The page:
No one wants to be lied to. Employers are acutely sensitive to this. If an applicant lies about qualifications, it can mean a lot of wasted time, money, and energy when it is eventually discovered that the individual is not competent for the role. It could even mean embarrassment for the organization if the individual claimed to have qualifications that did not exist and it is publicly discovered. This is one of the many reasons employers usually opt to perform some form of reference check or background check on applicants.
But, it can be tempting to go further. What if an employer wants to ensure an employee or applicant is not lying? Would you consider asking an employee or applicant to submit to a lie detector test?
Why Might an Employer Be Tempted to Require a Lie Detector Test?
Employers have a strong incentive to want to ensure employees are truthful. After all, the employer is liable for the safety of all employees—the stakes are not low. What if an applicant lied to cover up unfavorable background, such as previous history of criminal activity or violence, for example?
Employers might also fear, as we mentioned above, that an applicant might lie to hide the fact that he or she is not qualified for the role.
An employee could also lie during an internal investigation of an incident or complaint, thus hindering the investigation.
Yet another concern is having an employee who is prone to lying who might be caught lying to customers, which can make the company legally liable depending on the circumstances.
As these examples show, there are many circumstances in which a company will have a vested interest in trying to confirm the truth. Read on to understand that there are definite limits on how far an employer can go in this pursuit.
Are There Any Circumstances Where This Would Be Okay?
We posed the question earlier, “Would you consider asking an employee or applicant to submit to a lie detector test?”
Likely, you said “No” because it’s actually illegal in most cases. Despite all of the reasons we outlined above, employers are limited in their ability to push this issue. An employer can, of course, conduct a background and reference check (within limits), but the Employee Polygraph Protection Act (EPPA) actually prohibits most private employers from using a lie detector test on applicants or employees in the majority of cases. There are exceptions, however.
The EPPA also prohibits employers from firing or otherwise discriminating or retaliating against someone who refuses such a test or who brings a complaint over such a situation.
It’s important to note that this law defines “lie detector” and “polygraph” as follows, per the Department of Labor’s website on the topic[i]:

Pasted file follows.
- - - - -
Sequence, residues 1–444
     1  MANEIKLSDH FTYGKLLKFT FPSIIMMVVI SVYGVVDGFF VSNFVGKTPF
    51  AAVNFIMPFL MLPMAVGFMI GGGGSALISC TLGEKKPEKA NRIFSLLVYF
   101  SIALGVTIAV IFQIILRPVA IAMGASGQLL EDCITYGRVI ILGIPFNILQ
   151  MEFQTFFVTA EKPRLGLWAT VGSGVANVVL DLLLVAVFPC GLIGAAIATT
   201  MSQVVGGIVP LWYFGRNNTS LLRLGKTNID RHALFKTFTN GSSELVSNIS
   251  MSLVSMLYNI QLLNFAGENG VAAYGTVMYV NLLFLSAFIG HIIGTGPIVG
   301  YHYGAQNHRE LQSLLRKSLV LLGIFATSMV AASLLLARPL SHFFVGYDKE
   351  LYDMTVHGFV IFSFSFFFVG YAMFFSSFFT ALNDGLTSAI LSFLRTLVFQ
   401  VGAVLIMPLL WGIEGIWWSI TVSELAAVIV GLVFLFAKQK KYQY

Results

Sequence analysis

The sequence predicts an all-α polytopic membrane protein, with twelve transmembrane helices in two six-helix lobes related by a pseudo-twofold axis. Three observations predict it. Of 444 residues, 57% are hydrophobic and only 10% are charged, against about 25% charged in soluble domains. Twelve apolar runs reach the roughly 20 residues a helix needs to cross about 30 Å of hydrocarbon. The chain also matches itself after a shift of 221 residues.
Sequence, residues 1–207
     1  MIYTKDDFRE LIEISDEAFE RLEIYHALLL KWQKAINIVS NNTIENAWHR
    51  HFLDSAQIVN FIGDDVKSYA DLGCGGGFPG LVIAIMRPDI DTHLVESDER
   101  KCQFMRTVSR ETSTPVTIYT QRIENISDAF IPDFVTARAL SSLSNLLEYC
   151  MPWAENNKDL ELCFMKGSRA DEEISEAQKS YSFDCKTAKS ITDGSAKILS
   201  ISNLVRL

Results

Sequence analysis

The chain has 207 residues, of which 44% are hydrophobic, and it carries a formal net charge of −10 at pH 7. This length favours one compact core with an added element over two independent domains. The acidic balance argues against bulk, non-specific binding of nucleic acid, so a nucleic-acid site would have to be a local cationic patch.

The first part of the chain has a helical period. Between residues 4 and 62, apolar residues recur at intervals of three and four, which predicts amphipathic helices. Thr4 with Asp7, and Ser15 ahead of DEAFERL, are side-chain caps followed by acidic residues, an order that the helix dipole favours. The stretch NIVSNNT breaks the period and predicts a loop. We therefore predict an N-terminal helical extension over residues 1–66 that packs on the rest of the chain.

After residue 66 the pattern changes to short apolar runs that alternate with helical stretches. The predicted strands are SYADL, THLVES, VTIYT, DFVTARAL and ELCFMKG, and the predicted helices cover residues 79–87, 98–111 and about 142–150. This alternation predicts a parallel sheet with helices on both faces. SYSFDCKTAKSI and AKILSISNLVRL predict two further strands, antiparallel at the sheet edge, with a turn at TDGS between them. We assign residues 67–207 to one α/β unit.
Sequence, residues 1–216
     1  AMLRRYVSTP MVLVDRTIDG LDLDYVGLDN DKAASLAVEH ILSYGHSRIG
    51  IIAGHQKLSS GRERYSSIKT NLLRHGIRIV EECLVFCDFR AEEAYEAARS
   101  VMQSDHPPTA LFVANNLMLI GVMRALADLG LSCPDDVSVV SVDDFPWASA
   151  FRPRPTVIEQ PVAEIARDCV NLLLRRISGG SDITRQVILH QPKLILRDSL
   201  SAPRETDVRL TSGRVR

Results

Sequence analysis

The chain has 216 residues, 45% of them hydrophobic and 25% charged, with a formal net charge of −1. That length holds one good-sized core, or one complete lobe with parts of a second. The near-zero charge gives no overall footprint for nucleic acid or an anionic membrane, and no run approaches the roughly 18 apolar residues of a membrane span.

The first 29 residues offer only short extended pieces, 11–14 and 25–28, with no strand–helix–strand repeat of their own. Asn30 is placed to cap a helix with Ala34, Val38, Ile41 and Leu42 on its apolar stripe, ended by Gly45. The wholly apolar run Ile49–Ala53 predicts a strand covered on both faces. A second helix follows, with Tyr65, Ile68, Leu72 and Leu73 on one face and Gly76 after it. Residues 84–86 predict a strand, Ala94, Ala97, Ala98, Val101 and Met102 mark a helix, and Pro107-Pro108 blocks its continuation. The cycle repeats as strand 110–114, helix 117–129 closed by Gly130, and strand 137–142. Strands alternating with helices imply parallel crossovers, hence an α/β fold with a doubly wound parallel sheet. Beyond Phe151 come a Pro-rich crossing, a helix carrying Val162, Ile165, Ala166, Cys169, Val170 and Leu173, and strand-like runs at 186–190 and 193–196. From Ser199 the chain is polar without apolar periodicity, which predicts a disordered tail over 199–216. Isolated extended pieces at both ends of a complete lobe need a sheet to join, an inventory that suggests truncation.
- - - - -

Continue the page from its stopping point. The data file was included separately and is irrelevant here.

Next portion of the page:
- “A lie detector includes a polygraph, deceptograph, voice stress analyzer, psychological stress evaluator, or similar device (whether mechanical or electrical) used to render a diagnostic opinion as to the honesty or dishonesty of an individual.”
- “A polygraph means an instrument that records continuously, visually, permanently, and simultaneously changes in cardiovascular, respiratory, and electrodermal patterns as minimum instrumentation standards, and is used to render a diagnostic opinion as to the honesty or dishonesty of as individual.”
No Lie Detectors: What Are the Exceptions?
Despite the fact that the EPPA prohibits most private employers from using lie detector tests, there are a few exceptions.
Perhaps the most notable exception is that employers of certain jobs (defined within the law) are allowed to utilize lie detector tests for those jobs. These are professions in which security is of a high importance for the role, such as security firms or drug manufacturers and dispensers[ii].
Another exception to the EPPA is the fact that federal, state, and local government employers are not subject to it.
Yet another exception is that lie detector tests are sometimes allowed for private employers during an investigation of theft or embezzlement that caused loss for the employer. That said, even in these cases there are strict regulations for how the testing is conducted. For example, the test must be conducted by a licensed and bonded examiner or by someone with professional liability coverage. There are other rules surrounding this as well; if you find yourself in this situation, be sure to consult legal counsel to ensure you stay within the bounds of the law.
What’s your take? Has your organization ever had the need to utilize lie detector tests?
*This article does not constitute legal advice. Always consult legal counsel with specific questions.
[ii] This list is not comprehensive.
About Bridget Miller:
Bridget Miller is a business consultant with a specialized MBA in International Economics and Management, which provides a unique perspective on business challenges. She’s been working in the corporate world for over 15 years, with experience across multiple diverse departments including HR, sales, marketing, IT, commercial development, and training.